British Columbia

National pharmacare program tops coalition's wishlist for health care reforms

As provincial and territorial health ministers meet in Vancouver, doctors, nurses and other public health advocates demonstrated outside, calling for a national pharmacare program among other reforms.

Provincial and territorial health ministers meeting in Vancouver today to be joined by Jane Philpott

A coalition of groups advocating for public health care, including Dr. Vanessa Brcic, a family physician, left, gathered outside the health ministers' meeting in downtown Vancouver Wednesday. (CBC)

While provincial and territorial health ministers meet behind closed doors in Vancouver today, advocates for public health care, including doctors and nurses, staged a demonstration to call for reform of a "neglected" system.

Justin Trudeau's Liberals have promised a new health accord with the provinces, and these meetings — which federal health minister Jane Philpott will join later today — are seen as the first step.

Outside, representatives from nearly 20 groups, including the Canadian Labour Congress, Canadian Doctors for Medicare and Canadian Federation of Nurses Unions, called for action while acknowledging that might not come with much money.

"We'd like to encourage the health ministers to use this tremendous opportunity," said Dr. Vanessa Brcic, a family physician in Vancouver. "We've had a lot of neglect in health care reform."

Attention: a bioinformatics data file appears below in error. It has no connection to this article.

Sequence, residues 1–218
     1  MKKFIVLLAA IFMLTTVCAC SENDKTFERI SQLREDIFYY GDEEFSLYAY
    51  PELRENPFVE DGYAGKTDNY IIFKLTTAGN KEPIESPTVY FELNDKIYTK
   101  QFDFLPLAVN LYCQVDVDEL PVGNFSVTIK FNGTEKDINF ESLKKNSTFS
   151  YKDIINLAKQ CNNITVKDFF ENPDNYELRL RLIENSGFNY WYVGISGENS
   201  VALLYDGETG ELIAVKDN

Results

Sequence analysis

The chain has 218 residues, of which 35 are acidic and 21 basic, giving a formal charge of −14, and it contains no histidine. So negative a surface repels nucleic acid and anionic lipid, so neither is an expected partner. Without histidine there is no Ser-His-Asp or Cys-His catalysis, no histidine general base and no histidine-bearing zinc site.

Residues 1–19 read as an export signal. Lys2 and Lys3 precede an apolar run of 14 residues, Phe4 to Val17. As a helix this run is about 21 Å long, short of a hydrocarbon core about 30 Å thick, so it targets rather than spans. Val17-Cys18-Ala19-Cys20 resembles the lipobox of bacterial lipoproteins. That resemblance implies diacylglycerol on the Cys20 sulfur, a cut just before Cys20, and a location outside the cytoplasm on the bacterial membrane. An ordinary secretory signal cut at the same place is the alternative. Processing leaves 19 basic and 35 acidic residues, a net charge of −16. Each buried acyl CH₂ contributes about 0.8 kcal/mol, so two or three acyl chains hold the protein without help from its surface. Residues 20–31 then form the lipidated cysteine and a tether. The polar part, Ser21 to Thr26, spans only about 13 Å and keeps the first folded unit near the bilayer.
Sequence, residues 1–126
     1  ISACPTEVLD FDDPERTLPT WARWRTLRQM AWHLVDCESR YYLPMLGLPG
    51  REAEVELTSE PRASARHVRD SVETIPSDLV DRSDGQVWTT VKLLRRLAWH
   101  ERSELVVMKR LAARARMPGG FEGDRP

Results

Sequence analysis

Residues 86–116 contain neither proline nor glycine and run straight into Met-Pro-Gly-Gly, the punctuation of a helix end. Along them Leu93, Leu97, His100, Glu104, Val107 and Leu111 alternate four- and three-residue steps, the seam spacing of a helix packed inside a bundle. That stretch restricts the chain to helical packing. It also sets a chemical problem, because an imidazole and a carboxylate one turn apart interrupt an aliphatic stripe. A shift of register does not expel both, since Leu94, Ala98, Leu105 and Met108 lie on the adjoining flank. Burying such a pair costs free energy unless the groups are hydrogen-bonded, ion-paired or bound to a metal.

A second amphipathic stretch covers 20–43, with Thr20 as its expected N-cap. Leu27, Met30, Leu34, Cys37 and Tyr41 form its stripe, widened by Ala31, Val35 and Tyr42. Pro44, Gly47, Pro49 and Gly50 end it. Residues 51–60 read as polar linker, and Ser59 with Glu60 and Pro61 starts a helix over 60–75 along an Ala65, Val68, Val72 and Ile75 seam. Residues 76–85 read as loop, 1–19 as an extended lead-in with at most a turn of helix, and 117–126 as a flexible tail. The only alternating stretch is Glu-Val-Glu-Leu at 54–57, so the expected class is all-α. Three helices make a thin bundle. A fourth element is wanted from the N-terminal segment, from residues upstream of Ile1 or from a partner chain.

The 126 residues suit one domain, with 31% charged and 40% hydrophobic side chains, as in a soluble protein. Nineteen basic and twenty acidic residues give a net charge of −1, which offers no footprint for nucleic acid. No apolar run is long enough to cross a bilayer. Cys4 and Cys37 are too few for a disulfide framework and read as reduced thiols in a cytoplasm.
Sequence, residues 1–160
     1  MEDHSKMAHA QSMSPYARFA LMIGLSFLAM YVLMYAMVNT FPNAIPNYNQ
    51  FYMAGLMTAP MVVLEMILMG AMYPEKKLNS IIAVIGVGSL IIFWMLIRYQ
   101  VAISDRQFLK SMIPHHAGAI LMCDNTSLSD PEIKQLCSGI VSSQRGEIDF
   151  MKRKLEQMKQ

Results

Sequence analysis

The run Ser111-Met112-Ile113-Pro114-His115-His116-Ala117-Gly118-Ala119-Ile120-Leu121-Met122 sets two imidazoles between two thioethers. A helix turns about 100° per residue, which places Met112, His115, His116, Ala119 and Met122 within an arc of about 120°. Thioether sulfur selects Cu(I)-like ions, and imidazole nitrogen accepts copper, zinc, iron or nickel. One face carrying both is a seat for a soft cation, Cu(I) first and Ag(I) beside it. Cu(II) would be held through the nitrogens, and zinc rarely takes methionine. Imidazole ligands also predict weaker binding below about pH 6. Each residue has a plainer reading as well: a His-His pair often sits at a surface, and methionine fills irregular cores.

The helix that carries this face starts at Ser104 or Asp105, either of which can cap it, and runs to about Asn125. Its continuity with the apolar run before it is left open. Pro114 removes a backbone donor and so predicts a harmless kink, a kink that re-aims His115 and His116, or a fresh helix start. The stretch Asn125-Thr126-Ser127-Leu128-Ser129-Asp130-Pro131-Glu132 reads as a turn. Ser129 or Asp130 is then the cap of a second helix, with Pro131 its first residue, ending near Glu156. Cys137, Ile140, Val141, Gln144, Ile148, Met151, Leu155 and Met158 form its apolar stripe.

Brcic and others want a new health accord to focus on spending smarter, not just spending more — including a national prescription drug or pharmacare program.

"There are certain costs that have been growing in the last 10 to 20 years, drug costs is one of them," said Brcic.

Drug costs 'number one issue'

The ballooning cost of drugs is one of several issues, including home care, medical marijuana and doctor-assisted dying, expected to be discussed at the meetings.

A universal drug plan has long been championed by some in the health care system. A University of B.C. study last year claimed it could save the system billions of dollars.

Linda Silas, president of the Canadian Federation of Nurses Unions, said the groups want to see a concrete plan between the ministers and Ottawa in the next 18 months.

"[Philpott] can't wait at all," said Silas. "There are systems out there like long-term care, home care, hospitals, that are starving."

Silas echoed calls for a national prescription drug program. "That's a number one issue and has to be done," she said.

The demonstrators strung up hearts along a street in downtown Vancouver, with their wishes for the health ministers' and a promised new accord with the federal government. (CBC)

With files from Catherine Cullen


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